This April the National Door Industries, Inc. officially launched a partnership with Boot Campaign at the International Door Association Expo in Las Vegas, donating $10,000 to the cause. The partnership will help raise awareness about challenges veterans may face post-service and helps fund Boot Campaign’s health and wellness program.
“The whole National Door organization is supportive of the military,” explains James Webb, Vice-President Sales and Marketing at National Door Industries, a wholesale manufacturer and distributor to the garage door industry that is based in Haltom City, Texas. “So, when I brought this partnership forward, everyone agreed that we had to do it.”
“I originally talked to the owners of the company about a donation to Boot Campaign,” explains Webb. “But it quickly became apparent that our corporate goals were perfectly lined up with the organization. So, we made a $10,000 donation at this year’s IDA Expo, but our dedication to the Boot Campaign runs much deeper.”
Webb has a personal tie to Boot Campaign as well. His son-in-law Morgan Luttrell is twin brother to Marcus Luttrell, the Lone Survivor author and former Navy SEAL who inspired Boot Campaign founders to start the organization. Morgan, also a former Navy SEAL, was a driving force behind Boot Campaign health and wellness program when it launched in 2016.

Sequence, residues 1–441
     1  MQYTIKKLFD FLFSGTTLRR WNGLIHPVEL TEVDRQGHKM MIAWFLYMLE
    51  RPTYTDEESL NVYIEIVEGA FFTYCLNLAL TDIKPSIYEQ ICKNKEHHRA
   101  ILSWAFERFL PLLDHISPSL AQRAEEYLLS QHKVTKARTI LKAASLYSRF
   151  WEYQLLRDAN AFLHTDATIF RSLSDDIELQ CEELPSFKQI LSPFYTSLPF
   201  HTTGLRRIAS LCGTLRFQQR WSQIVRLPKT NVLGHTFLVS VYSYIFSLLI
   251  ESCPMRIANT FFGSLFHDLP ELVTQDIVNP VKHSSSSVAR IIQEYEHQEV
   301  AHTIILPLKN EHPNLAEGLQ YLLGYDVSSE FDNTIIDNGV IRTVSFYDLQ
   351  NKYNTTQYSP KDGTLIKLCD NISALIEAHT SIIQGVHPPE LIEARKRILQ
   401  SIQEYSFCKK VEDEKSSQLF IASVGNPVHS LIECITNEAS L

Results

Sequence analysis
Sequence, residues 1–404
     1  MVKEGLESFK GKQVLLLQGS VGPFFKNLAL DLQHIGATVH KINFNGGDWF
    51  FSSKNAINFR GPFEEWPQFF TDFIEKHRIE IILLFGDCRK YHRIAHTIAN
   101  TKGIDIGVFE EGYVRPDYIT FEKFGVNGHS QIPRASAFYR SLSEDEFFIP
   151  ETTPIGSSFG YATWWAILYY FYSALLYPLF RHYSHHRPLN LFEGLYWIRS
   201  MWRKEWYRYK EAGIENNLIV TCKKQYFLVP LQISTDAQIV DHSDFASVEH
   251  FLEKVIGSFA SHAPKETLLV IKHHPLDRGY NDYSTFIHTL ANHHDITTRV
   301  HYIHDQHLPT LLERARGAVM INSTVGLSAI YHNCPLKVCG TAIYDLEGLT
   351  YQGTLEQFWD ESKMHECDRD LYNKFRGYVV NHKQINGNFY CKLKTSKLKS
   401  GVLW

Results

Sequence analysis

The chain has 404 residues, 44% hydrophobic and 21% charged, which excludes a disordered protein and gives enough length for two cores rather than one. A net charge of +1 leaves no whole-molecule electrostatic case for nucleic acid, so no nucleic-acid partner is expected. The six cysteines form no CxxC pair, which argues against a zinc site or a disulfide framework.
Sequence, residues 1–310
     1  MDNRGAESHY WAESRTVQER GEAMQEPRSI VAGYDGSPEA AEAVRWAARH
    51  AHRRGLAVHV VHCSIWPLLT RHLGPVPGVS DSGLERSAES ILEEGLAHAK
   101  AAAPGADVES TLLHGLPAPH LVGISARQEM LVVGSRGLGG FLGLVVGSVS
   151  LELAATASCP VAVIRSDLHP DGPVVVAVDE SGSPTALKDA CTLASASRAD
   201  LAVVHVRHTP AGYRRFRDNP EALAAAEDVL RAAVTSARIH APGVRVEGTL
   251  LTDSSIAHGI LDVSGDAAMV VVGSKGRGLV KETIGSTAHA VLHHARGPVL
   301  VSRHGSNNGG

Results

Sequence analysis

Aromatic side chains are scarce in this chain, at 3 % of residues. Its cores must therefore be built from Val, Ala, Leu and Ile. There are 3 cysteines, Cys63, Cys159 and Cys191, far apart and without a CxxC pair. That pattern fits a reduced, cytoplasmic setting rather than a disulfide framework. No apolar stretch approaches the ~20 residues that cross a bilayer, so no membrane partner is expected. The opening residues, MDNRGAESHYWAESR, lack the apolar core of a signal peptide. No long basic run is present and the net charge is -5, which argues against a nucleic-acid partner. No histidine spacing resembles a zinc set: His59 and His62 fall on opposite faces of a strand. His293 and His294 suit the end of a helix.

“The goal [of the health and wellness program] is to improve the quality of life for veterans. We are providing access to first-rate, innovative care that treats the whole person,” says Boot Campaign CEO Shelly Kirkland.
“By linking arms with wellness partners across the country, Boot Campaign is able to help clients address issues such as traumatic brain injury, post-traumatic stress disorder, chronic pain, self-medication and insomnia. This can kick-start a veteran’s journey to take back control of their health and wellness and is also furthering scientific research that will improve the lives others in the future.”
Over the next three years, Boot Campaign will be steadily increasing support for military family members as part of the health and wellness programs. According to a recent report from the National Alliance for Caregiving, sixty-five percent of veteran caregivers report caregiver burden. Currently, most programs offering services to military caregivers tend to be targeted toward the veteran. Results of recent studies suggest that treating a veteran individually for PTSD without including the spouse in the treatment sessions could risk unbalancing their relationship even more than it already is. Boot Campaign aims to fill this gap, not only ensuring the veteran as an individual is supported, but the couple and family unit as well.